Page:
Sas Lecture

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MFE 6390
Spring 2013

Residual analysis in SAS (continued)

In the previous two lectures, we learnt how to obtain the residuals of the estimation and to formally test for heteroscedasticity in the model. In this lecture, we will focus on testing the model errors for serial correlation.

Recall that, in order to make valid inferences using the linear regression estimates, we need the errors of the model (i.e. residuals) to satisfy the following key assumption:

• The errors of the model are independent of each other (this is the assumption of non-serial correlation): [pic] for [pic].

How do we test for serial correlation?

We will estimate a simple model with two explanatory variables of the form: [pic]

First, we will obtain the residuals of the model and obtain graphs that can provide informal evidence of serial correlation in the model. A possible graph is one of the residuals plotted against time. Another possibility is a graph of the residuals plotted against the one-period lagged residuals. Any obvious patterns in these graphs could provide informal evidence of serial correlation in the underlying data. We will also perform the Durbin Watson test, the Breusch-Godfrey serial correlation LM test, and some other techniques to look for formal evidence of serial correlation in the model.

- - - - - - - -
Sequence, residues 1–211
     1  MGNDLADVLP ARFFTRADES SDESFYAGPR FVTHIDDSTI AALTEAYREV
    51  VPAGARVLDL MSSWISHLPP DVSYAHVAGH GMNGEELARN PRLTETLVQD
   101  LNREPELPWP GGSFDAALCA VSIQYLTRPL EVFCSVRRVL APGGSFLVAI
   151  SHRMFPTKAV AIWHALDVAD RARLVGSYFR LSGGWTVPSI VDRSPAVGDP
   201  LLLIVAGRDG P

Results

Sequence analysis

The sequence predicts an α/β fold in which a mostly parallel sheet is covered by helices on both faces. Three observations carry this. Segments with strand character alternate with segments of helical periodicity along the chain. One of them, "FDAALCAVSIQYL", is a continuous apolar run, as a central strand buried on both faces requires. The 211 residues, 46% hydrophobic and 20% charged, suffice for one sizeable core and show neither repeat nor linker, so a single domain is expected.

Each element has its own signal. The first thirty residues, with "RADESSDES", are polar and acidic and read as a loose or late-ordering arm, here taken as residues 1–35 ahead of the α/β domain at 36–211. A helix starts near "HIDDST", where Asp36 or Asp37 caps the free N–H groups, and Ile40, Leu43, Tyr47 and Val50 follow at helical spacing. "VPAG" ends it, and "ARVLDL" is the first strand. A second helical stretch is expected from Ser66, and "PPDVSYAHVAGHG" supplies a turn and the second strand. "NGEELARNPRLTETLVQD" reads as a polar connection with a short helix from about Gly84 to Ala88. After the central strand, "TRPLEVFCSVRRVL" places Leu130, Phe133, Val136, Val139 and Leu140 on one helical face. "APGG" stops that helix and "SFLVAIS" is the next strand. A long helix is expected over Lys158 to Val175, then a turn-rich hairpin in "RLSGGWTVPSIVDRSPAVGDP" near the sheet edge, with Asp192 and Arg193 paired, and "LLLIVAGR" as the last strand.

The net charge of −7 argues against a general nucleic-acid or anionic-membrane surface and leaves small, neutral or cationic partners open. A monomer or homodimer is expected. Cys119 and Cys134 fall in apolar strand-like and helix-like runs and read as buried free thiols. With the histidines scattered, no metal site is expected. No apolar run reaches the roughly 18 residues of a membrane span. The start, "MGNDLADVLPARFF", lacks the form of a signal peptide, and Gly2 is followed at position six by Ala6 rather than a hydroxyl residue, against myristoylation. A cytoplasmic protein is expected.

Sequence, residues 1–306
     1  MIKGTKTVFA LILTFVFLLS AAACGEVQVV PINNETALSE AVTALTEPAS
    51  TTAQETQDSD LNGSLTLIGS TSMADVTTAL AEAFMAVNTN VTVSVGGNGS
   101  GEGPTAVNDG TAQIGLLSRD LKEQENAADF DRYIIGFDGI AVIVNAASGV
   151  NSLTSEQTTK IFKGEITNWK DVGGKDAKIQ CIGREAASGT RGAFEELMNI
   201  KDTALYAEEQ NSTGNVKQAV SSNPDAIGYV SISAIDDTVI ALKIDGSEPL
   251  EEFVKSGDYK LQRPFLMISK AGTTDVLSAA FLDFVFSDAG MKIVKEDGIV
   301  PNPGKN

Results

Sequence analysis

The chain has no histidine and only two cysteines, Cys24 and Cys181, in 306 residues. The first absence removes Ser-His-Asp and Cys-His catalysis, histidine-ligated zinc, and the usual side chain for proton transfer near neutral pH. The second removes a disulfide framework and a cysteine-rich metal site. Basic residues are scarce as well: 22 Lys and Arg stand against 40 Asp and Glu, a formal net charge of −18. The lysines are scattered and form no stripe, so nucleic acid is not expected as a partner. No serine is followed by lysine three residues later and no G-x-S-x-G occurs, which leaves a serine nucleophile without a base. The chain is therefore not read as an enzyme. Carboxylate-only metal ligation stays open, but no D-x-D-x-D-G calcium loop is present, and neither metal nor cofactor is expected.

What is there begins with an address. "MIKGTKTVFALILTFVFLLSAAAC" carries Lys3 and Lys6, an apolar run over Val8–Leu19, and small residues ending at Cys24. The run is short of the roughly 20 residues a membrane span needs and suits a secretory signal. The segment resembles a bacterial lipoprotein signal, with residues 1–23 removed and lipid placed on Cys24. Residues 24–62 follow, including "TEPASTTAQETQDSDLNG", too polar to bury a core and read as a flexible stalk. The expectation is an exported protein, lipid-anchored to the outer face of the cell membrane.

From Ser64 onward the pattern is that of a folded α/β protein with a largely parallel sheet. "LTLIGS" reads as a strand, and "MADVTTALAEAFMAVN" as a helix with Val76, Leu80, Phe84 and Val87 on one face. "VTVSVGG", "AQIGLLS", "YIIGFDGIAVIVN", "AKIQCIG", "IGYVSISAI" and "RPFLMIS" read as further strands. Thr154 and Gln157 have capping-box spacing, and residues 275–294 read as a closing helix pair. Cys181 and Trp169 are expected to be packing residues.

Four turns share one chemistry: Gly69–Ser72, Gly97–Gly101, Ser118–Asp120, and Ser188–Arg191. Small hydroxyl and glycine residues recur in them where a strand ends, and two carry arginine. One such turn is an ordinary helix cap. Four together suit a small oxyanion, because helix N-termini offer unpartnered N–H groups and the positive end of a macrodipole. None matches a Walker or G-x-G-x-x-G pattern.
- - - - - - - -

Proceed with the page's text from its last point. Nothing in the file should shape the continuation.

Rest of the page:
Let us start with the following program:

*Run a linear regression model and obtain the residuals. Also get the Durbin Watson test statistic results;

PROC REG DATA = serial;
MODEL y = x2 x3/dw;
OUTPUT OUT = oserial RESIDUAL = rserial;
TITLE ‘Durbin-Watson test for first-order serial correlation’; RUN;

DATA oserial2;
SET oserial;

rserialag = LAG1(rserial);

PROC GPLOT DATA = oserial2;
PLOT rserial * year;
TITLE ‘Graphical test 1 of serial correlation’;
PLOT rserial * rserialag;
PLOT rserial * rserialag/href=0 vref=0 (jia heng zong zhou)
TITLE...
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